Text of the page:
Crop Rotation and Soil Health in Potato Production Systems
By Robert P. Larkin, Ph.D.
Research Plant Pathologist
New England Plant, Soil and
Water Research Laboratory
University of Maine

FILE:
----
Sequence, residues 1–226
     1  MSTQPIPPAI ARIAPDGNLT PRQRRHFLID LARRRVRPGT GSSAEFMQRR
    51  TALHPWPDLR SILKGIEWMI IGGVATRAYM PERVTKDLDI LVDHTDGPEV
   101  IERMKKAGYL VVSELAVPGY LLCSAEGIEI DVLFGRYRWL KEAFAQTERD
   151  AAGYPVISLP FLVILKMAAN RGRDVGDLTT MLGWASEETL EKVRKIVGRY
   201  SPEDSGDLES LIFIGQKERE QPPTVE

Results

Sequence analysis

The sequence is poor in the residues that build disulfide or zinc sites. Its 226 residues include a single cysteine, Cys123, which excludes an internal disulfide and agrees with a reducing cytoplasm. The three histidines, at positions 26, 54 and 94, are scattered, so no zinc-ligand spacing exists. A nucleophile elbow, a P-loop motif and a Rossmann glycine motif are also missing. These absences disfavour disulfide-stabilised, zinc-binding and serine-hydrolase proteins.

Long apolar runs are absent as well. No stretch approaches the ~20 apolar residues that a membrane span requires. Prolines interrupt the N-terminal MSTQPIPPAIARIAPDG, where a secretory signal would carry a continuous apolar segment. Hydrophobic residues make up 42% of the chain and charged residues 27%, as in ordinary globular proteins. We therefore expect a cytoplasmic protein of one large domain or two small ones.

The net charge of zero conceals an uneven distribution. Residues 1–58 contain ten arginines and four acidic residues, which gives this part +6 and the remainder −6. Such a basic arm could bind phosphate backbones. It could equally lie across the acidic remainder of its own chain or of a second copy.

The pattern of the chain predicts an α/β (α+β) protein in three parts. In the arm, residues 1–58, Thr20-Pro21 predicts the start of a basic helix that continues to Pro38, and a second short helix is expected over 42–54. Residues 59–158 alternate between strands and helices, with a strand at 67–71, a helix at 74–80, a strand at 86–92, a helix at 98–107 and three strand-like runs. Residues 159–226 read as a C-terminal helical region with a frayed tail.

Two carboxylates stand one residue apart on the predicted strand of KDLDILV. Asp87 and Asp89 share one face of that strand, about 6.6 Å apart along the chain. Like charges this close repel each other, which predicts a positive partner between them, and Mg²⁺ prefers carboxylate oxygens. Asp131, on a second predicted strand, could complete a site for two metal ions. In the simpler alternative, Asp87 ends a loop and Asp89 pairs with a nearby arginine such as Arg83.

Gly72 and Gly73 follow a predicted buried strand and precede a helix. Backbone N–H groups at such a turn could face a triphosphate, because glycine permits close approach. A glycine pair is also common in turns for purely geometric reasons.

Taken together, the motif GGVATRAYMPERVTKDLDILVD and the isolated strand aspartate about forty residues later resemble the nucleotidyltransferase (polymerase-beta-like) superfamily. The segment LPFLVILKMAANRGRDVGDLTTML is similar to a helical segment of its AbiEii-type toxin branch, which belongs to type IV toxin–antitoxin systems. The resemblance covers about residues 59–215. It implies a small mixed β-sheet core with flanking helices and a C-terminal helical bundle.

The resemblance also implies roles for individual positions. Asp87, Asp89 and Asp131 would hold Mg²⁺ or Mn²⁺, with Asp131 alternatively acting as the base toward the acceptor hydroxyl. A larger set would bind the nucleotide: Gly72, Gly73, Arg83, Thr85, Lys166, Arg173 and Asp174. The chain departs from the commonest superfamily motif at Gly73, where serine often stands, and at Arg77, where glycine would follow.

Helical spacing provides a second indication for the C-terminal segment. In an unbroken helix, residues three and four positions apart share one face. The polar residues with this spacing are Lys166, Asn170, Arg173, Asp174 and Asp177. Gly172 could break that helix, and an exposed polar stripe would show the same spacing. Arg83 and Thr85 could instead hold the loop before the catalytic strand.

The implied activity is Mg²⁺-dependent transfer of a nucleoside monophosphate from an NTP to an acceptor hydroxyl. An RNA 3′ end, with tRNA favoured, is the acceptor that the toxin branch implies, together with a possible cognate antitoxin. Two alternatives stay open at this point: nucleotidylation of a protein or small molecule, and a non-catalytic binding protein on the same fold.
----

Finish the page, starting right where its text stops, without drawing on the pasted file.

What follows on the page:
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Crop rotation is a basic management tool that can help maintain, restore, and replenish soil resources, and is essential for the management of soilborne diseases and maintaining crop productivity. This presentation will help consultants, extension specialists, growers, home gardeners, and other practitioners understand how crop rotations can be used to improve soil health and reduce soilborne diseases in potato production systems. Specifically, practitioners will learn the following from this presentation: why crop rotation is important; how to use four main factors (crop type, rotation length, rotation sequence, and use of crop) in determining and implementing useful crop rotations; description and use of disease-suppressive rotation crops; field results demonstrating how crop rotations (and other management practices) can improve soil health, reduce soilborne diseases, and increase tuber yield in potato production. By the end of this presentation, practitioners should understand the role of crop rotations in soil health management and how to effectively utilize crop rotations in potato production.